Understanding the audience for whole grains
When it comes to achieving success in a category such as whole grains, the grain-based foods industry would be best served to adopt a mindset similar to that of a comedian, house band or public speaker: know your audience. In a June 26 presentation at the Whole Grains Summit 2015 at The Nines hotel in Portland, Cynthia Harriman, director of food and nutrition strategies for Oldways and the Whole Grains Council, Boston, described four distinct audience groupings that the whole grains industry should be aware of.
The easiest group to reach, Ms. Harriman said, is those people who already are eating whole grains. While that may be “preaching to the choir,” Ms. Harriman said it remains important to reach out to this audience.
“We need to help them find more whole grains outside the home,” she said. “We have these people who really want to do it, but (they can’t) if you make it impossible for them to do it because you have a restaurant and you don’t serve any whole grain choices, or you put your products on the shelf but it’s not clear if it’s really whole grains or not. We need to make sure that the choices are there, and then we need to help encourage them to act on their belief in whole grain so that when those products appear on the shelf or in the restaurant they will sell-through.”
Ms. Harriman said the best way for the whole grains industry to reach restaurants and retailers is with bottom-line success.
Perhaps the biggest audience in the marketplace is those people eating mostly refined grains now, but who will switch if whole grains are delicious and affordable, Ms. Harriman said.
To reach this audience, Ms. Harriman said industry needs “to make trying a whole grain as risk free and barrier free as possible.”
As the quality of whole grains products improves, this task is becoming easier, Ms. Harriman said. Even so, she encouraged industry to produce more whole grains and do more sampling.
This audience also remains reluctant to make the switch due to the price gap that exists between refined grains products and whole grains products. Ms. Harriman said this is “the most important thing” industry needs to be working on.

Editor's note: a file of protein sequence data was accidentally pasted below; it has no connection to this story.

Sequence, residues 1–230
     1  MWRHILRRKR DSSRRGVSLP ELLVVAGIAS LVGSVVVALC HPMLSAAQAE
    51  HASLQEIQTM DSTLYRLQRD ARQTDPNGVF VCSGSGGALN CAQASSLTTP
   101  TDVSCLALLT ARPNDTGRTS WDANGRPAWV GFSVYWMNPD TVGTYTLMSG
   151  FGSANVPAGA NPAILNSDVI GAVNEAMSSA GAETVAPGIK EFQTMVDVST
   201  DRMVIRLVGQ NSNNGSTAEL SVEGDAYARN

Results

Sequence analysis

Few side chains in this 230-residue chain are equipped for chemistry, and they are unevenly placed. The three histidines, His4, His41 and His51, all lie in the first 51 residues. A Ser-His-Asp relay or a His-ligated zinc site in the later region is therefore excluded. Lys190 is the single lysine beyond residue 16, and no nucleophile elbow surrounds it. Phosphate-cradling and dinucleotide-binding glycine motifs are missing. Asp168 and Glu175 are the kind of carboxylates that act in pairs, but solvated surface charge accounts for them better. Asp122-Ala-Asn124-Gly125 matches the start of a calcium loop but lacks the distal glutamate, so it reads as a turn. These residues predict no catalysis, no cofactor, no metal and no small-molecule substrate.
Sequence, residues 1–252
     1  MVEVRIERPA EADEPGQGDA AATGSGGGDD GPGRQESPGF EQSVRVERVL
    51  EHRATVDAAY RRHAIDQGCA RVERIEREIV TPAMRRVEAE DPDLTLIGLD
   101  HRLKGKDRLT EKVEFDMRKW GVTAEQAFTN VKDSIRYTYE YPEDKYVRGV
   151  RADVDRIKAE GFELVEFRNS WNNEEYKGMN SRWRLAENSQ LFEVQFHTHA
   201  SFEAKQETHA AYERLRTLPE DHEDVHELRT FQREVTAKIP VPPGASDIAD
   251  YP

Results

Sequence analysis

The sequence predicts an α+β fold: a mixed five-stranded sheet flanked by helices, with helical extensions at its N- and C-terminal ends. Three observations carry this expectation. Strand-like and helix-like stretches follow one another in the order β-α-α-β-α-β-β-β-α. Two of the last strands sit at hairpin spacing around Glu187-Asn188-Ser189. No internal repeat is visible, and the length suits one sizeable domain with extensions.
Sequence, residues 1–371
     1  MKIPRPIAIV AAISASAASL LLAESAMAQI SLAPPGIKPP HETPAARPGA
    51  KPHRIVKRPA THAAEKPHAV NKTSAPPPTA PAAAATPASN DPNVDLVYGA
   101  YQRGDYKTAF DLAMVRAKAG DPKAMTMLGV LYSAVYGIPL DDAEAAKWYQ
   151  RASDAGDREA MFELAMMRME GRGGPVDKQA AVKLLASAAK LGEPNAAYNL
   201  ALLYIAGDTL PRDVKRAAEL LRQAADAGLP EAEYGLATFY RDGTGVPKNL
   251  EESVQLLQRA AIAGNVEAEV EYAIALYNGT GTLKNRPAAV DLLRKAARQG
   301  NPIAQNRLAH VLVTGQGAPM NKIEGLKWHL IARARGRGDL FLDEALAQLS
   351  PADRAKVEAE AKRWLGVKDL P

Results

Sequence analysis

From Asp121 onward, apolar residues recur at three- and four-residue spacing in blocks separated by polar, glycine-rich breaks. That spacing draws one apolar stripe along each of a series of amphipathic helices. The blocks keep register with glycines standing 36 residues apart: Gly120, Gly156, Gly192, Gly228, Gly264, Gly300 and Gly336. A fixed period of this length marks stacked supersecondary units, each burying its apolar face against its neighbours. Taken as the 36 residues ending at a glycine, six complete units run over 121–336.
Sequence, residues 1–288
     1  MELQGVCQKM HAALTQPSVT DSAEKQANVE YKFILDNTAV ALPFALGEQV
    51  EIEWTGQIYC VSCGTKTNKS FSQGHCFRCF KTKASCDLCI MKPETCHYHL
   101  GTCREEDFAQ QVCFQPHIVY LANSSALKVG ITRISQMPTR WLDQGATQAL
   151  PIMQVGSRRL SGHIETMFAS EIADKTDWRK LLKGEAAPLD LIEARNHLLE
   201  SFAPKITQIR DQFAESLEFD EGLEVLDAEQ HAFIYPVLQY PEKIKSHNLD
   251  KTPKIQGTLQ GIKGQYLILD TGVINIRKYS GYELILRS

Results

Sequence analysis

“There are real reasons that whole grains may be more expensive, but we have to decide as a society whether we’re going to put up with this, whether we’re going to manipulate, purposely discount these things to get the market going to the point that we get enough volume that the price goes down,” she said. “We really need to be thinking about a price gap strategy. We can’t just wait for it to be parity. Somebody has to get out there and take real steps and say, ‘We’re going to make this happen,’ and see what happens to increase demand and therefore encourage price parity.”
The third audience group is those people who believe “we’re all going to die if we eat wheat/grains,” Ms. Harriman said. Although she indicated industry may not be able to make too much headway with this group, she said industry can keep additional people from falling into this group if they are on the border.
Ms. Harriman said the W.G.C. helps deal with this group by serving as an information source for people with questions about whole grains. The W.G.C. answers a variety of questions about whole grains each day through phone calls and e-mails to the group’s web site.
The final audience group is children, which Ms. Harriman described as “the next generation.”
“If we start this off right, then we don’t have to do all this convincing later,” she said.
To help reach children with the whole grains message, Ms. Harriman said industry needs to be educating parents, who in turn can model healthy eating for children. She also encouraged support for school health efforts.
“I think we sell kids short when we assume that they won’t like healthy foods,” she said. “So we need to find a way to reach kids.”